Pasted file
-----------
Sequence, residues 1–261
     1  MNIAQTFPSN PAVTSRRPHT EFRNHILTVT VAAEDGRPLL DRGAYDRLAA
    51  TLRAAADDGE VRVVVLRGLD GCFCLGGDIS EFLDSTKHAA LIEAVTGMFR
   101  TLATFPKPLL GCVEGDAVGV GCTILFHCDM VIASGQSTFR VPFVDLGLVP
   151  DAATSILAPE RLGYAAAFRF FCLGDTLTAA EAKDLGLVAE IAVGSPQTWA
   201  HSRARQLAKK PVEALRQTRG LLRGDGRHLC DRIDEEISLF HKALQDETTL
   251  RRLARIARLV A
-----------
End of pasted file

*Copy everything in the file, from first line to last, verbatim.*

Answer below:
Sequence, residues 1–261
     1  MNIAQTFPSN PAVTSRRPHT EFRNHILTVT VAAEDGRPLL DRGAYDRLAA
    51  TLRAAADDGE VRVVVLRGLD GCFCLGGDIS EFLDSTKHAA LIEAVTGMFR
   101  TLATFPKPLL GCVEGDAVGV GCTILFHCDM VIASGQSTFR VPFVDLGLVP
   151  DAATSILAPE RLGYAAAFRF FCLGDTLTAA EAKDLGLVAE IAVGSPQTWA
   201  HSRARQLAKK PVEALRQTRG LLRGDGRHLC DRIDEEISLF HKALQDETTL
   251  RRLARIARLV A